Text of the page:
VODI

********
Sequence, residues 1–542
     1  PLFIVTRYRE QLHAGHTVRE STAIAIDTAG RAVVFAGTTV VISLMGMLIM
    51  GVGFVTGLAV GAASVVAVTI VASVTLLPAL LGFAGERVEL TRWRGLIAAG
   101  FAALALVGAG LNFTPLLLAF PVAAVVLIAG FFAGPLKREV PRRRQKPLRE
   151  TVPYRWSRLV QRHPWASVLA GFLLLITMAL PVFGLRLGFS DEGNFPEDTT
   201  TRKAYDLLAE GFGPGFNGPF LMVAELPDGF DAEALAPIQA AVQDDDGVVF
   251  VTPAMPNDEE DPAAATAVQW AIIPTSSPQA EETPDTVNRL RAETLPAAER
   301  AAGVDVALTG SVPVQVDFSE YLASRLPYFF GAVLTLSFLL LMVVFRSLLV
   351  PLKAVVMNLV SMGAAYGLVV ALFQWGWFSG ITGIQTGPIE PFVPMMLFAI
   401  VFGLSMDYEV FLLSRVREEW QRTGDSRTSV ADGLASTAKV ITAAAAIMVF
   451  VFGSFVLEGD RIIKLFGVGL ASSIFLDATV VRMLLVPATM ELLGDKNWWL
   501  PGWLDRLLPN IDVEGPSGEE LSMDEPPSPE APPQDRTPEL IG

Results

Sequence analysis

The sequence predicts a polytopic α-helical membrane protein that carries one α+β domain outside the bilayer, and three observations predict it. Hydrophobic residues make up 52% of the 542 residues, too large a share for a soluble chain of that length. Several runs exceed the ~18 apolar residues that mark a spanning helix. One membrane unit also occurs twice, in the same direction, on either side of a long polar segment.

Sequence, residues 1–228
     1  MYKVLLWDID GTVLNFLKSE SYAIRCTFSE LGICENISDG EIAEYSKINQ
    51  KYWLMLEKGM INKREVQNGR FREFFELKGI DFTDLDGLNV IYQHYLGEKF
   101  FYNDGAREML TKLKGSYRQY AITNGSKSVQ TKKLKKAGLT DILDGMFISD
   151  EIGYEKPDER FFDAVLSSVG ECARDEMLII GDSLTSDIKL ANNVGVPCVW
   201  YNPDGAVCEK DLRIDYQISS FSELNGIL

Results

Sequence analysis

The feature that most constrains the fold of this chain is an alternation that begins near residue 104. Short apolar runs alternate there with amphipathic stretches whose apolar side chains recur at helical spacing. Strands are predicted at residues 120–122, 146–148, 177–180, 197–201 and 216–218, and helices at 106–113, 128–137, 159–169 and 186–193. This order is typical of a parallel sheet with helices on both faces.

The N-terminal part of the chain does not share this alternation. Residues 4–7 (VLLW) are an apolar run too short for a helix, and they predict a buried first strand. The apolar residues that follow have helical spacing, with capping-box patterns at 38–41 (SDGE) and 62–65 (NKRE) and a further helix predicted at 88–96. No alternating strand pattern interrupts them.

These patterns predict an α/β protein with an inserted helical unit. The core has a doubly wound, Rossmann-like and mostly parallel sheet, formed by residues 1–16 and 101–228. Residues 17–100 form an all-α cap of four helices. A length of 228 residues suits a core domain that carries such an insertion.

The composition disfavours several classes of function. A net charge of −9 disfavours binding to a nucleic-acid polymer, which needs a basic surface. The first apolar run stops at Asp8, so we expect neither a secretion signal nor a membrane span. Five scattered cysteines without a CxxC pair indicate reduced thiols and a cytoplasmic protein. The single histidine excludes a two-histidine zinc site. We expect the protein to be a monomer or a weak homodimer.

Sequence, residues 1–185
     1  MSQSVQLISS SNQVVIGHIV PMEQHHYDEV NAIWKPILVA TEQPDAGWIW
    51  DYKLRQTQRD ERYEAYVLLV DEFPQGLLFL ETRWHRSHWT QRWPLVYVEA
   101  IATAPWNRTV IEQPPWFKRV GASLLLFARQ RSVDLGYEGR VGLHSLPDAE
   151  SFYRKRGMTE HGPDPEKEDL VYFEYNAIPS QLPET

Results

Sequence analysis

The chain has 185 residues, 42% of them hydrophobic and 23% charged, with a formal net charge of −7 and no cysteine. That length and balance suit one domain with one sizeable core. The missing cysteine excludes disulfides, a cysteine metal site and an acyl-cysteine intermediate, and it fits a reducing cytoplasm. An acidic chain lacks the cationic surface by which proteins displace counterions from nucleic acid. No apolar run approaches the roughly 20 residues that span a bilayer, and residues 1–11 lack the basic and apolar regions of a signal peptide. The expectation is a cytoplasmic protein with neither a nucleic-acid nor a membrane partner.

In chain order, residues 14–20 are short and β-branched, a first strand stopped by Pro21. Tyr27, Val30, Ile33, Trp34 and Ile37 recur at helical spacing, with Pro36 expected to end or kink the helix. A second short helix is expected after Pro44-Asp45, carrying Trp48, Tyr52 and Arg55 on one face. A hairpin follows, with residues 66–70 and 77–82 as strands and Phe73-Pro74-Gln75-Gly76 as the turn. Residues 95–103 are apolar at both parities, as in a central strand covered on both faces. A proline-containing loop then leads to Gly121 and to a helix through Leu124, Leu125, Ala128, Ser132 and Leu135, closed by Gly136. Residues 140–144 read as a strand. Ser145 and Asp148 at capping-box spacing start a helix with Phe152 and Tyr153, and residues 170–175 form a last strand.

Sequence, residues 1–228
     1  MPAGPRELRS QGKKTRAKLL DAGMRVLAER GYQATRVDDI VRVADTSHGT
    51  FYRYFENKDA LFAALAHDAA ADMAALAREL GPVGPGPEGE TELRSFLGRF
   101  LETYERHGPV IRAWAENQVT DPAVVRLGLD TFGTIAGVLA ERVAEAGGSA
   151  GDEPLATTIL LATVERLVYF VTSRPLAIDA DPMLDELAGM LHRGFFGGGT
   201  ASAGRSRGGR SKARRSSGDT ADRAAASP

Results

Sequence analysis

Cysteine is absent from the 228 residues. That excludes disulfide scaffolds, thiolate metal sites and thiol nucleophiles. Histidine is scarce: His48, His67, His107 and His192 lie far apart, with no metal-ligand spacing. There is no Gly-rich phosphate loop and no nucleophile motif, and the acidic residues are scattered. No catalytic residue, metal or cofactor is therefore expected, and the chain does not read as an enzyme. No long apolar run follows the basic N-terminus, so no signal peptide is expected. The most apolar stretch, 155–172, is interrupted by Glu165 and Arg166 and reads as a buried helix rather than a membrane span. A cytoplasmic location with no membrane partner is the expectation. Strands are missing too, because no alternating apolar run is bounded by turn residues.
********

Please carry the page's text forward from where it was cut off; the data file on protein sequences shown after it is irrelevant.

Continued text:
Prevention is better than cure. It’s cheaper too. In fact, preventing future illnesses and preventing complications from existing conditions, are vital to the future sustainability of health systems. For a vaccine that prevents measles, or a medication that prevents a heart attack, the value is obvious. But what about the value of learning that you are at risk of heart attack? This information could trigger changes in behaviour and lifestyle that reduce the chances of hospitalisation or death. What about the value of regularly monitoring your blood glucose if you have diabetes? This could prevent profoundly negative (not to mention expensive) complications such as blindness, amputation or stroke. And what about the value patients and society gets when a clinician knows whether to use an antibiotic – and which one to choose. Not only does this enhance the patient’s chances of a timely recovery, it supports responsible use of antimicrobials and makes better use of resources. Investing in prevention With many conditions, earlier intervention improves patient outcomes and spares them – and the health system – avoidable illnesses and treatments. The obvious example is cancer: effective treatment of early stage cancers can dramatically improve prognosis. That’s why screening is so important. Screening is also an example of how population-based prevention programmes can deliver for citizens across the social spectrum, regardless of income or health literacy which can otherwise exacerbate inequality of outcome. I realise this is not breaking news. Yet less than 3% of health budgets is devoted to prevention. The rest goes on cure and care. I sometimes think we should refer to healthcare as ‘sick care’ – a system focused on ‘healthcare’ would dedicate itself to preserving good health for as long as possible. As rates of diabetes, heart failure and other chronic conditions continues to rise, and...